By Jennifer Richardson
I was the third child, born in one of those small town hospitals that have all but faded from America’s landscape. I was taken home to join my two older siblings, and three more children joined the family in quick succession. We were blessed to be brought up in a home that was filled with visible kindness.
My parents didn’t hold formal classes on the subject of kindness, they simply lived their ideals and took us with them to watch and learn.
They were a great example in everyday life. They opened doors, carried things, helped people move, befriended the friendless, and had endless dinner guests. They gave with little regard for how large or small their resources were at the moment. And they expected their children to help right along with them.
On Sundays my parents frequently took all six of their children to the local nursing home where we visited residents, sang to them, and generally tried to make life a bit less lonely for those who lived there. I can clearly remember an older woman I did not know, who sat and gently stroked my cheek and talked about the grand-daughter she never saw anymore.
We helped people with yard work; we brought dinners to families in need. All of the children had nights they were expected to cook, and those that were not cooking were helping with cleanup. We were expected to be around the family table each night to share food, conversation, and our lives with each other and our guests.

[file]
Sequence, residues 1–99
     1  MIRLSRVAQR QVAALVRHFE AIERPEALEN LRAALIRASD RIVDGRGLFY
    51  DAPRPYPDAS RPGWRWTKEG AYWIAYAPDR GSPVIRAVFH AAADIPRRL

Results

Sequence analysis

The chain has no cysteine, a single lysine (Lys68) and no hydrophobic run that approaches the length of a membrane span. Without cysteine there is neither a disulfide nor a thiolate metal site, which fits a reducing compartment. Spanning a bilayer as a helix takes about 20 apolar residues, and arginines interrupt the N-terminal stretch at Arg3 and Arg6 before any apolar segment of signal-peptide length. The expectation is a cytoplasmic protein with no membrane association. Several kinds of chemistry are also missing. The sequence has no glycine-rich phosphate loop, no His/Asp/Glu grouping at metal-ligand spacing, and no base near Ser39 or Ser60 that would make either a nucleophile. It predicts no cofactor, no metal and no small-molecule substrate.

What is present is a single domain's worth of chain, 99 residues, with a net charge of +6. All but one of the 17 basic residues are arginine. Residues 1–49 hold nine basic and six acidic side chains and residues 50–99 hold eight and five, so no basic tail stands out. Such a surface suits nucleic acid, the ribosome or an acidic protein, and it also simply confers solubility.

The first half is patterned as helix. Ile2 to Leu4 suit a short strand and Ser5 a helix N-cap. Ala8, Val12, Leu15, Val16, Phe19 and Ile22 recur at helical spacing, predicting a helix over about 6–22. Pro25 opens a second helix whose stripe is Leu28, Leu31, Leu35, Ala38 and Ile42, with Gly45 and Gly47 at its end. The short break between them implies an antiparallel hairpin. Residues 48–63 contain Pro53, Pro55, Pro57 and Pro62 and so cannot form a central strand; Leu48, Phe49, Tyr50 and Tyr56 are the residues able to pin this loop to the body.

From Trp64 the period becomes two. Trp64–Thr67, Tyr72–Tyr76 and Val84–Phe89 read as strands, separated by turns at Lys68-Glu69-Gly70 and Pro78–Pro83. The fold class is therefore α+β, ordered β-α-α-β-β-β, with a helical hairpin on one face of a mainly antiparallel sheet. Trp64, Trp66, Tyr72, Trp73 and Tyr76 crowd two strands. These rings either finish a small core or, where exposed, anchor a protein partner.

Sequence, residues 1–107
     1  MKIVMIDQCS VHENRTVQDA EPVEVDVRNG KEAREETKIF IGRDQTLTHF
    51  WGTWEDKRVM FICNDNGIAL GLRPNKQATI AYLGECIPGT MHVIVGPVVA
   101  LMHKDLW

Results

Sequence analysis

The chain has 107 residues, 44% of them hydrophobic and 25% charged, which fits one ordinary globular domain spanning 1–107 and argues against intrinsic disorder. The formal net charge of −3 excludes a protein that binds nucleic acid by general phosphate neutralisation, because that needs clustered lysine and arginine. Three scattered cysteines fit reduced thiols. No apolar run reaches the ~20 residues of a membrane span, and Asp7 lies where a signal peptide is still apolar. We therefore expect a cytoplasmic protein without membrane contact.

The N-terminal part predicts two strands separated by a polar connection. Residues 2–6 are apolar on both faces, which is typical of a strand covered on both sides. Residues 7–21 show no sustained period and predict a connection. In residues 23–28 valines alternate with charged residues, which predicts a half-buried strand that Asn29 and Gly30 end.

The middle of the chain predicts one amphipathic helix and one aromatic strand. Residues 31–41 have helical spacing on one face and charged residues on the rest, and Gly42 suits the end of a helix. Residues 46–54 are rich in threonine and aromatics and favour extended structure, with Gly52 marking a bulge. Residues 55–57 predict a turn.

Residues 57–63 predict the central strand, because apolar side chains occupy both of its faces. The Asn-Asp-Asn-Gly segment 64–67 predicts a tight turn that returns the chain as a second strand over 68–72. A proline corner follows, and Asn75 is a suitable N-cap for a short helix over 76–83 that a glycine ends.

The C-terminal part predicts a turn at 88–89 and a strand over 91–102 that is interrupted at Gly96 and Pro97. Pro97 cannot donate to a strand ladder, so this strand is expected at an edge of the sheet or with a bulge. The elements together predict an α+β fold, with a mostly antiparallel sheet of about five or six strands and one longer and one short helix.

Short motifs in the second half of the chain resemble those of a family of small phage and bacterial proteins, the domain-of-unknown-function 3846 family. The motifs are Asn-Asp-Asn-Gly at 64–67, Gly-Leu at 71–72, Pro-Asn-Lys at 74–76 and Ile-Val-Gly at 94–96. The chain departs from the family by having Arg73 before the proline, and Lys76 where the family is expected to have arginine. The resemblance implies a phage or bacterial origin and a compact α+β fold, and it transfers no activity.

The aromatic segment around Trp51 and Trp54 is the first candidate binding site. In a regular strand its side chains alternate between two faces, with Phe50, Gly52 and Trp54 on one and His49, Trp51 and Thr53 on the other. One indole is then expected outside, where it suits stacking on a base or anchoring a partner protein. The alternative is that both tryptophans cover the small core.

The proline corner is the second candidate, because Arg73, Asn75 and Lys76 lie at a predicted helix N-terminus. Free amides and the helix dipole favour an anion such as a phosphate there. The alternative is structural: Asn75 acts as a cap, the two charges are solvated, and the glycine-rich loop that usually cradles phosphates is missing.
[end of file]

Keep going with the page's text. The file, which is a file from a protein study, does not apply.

I can remember holiday dinners in which my parents went up and down their street checking for people who didn’t have anywhere else to go. They opened our home to those who would otherwise have been alone. These were interesting years, and it was always an experience to meet the people who ended up around our table.
To this day they continue to share their lives and their home with others. They have touched many lives in many ways, but two things they did impacted me greatly; they lived their ideals for us to see, and they expected the people they loved to join them.
Today I am a true believer in kindness, and service—because the people who cared for me took me with them as they lived a life of kindness and service.
They taught me to practice intentional kindness in so many ways. Forgive a hurt. Ask for forgiveness. Offer a ride. Give a compliment. Do the dishes. Clean up someone else’s mess. Send a thank you note. Offer your seat. Make someone dinner. Say I love you.
Volunteer your time. Give money to someone who needs it more than you do. Thank someone who has helped you. Hug someone who is grieving. Overlook someone’s mistake.
Let a friend win the argument. Thank someone who has touched your life. Pray with someone who is hurting. Buy groceries for a family in need. Speak with someone that is always alone. Pay for dinner. Give someone your place in line. Give a gift to someone who can never repay you.
I know from my own life with my parents that how we live impacts the lives around us—much more than what we say. As we commit to kindness, taking others with us passes the torch and extends the warmth to all within reach.
By definition kindness is about more than self; it reaches out to others. And kindness is better caught than taught. Every one of us has a circle of people we influence. Let a friend, a child, a family member, a stranger, see you live your ideals.
Make kindness and care for humanity visible in your life; I can say from my heart it will change you and those who see you.